Hashim says the challenge he faced when his company was initially set up was to convince people that sound composition could be done within the region. “A lot of people were hesitant to work with smaller vendors or companies like us, and trusting that we are more than capable and resourced for these projects”, adding that local companies are no different than the international companies and can produce work of the same calibre, if not higher.
Hashim says that to this day they do face scepticism because of the small size of the company, but they have been fortunate enough to be able deliver high quality work on their projects. “That is something I want to see change in the market, not just in Bahrain, but in the region. I want to see more trust of these companies in smaller enterprises. Try with smaller projects and let them work their way up”, he says. The advanced technology available he says, has also helped them greatly to work faster and more efficiently on their projects.
Hashim also spoke about the importance of having firm Copyrights laws in the Gulf region. He says that though it is understandable when some audiences claim music should be free, it is also important for the artists and their affiliates (managers, producers, studios they worked in) to also get paid. He says it is mandatory to have an organisation that specialises in royalty collection for the artists and monitors radio stations where their music is being played to pay them their dues. Along with the piracy issue in the GCC, Hashim says it is important to address this, and that the artists are given what they deserve.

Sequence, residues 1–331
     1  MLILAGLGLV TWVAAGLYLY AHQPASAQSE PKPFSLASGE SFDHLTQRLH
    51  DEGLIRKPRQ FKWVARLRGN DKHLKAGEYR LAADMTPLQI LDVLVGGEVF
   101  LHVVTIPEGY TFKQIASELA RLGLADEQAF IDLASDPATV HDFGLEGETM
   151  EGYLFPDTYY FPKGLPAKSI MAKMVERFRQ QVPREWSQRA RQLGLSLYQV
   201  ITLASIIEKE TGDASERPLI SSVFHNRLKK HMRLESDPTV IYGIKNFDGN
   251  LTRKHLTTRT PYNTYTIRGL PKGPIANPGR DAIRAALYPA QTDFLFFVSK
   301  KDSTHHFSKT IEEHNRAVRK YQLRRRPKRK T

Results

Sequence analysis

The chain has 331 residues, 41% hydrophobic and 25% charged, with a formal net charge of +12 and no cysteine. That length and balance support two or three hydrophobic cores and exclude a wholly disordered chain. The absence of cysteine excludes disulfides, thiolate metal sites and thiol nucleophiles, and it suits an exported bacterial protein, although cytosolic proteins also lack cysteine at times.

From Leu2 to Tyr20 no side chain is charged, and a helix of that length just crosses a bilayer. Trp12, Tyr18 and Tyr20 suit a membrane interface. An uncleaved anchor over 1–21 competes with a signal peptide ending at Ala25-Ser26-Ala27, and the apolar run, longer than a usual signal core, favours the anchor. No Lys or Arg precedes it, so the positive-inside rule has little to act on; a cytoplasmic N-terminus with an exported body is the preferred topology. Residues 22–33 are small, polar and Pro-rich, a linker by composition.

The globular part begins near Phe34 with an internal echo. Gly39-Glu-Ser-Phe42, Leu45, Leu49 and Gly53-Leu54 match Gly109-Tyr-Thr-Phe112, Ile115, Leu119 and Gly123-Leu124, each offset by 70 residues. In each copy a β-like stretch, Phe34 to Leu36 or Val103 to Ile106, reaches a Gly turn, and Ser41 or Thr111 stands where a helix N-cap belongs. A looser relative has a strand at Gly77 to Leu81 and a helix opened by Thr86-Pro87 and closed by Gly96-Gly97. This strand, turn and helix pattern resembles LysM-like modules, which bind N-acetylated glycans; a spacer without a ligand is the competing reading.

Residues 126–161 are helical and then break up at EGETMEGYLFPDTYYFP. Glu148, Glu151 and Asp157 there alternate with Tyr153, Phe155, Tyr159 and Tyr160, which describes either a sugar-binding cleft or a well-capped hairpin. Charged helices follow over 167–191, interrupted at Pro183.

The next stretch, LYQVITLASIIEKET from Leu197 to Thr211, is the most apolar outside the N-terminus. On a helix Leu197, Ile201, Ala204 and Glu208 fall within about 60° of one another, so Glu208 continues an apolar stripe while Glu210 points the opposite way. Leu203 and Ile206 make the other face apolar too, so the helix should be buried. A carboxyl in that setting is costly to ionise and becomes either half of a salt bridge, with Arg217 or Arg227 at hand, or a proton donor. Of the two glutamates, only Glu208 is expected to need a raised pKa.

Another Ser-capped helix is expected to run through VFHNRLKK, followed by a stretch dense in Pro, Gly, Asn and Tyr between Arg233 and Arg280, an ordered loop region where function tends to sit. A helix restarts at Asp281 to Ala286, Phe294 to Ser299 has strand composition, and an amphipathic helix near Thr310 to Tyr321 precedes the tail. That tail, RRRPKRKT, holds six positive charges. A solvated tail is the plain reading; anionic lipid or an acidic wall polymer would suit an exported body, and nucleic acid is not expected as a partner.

For the future, Hashim says though he is not looking to expand their set-up, he is looking to take more projects and expand their network and work with different companies across the region. He also encourages those who wish to enter this industry to follow their passion and be determined. “You have to beat the odds and go against what people think and don’t focus on the negativity comes your way, and do your own thing”, he says.
Hashim also encourages people of all ages to come for auditions at his studio, as he is always searching for talented people to work with. “We’re always looking for talents to work with in music, voice overs, and sound design. People are welcomed to get in touch with us if they want to try out” Some he says, know they are talented but need a little push. Hashim aims to find such people in Bahrain, polish their talent and bring them forward. Hashim says through his work and dedication, he hopes to change any negative image people might have about the sound-production industry, as it is an art form itself that takes years to master.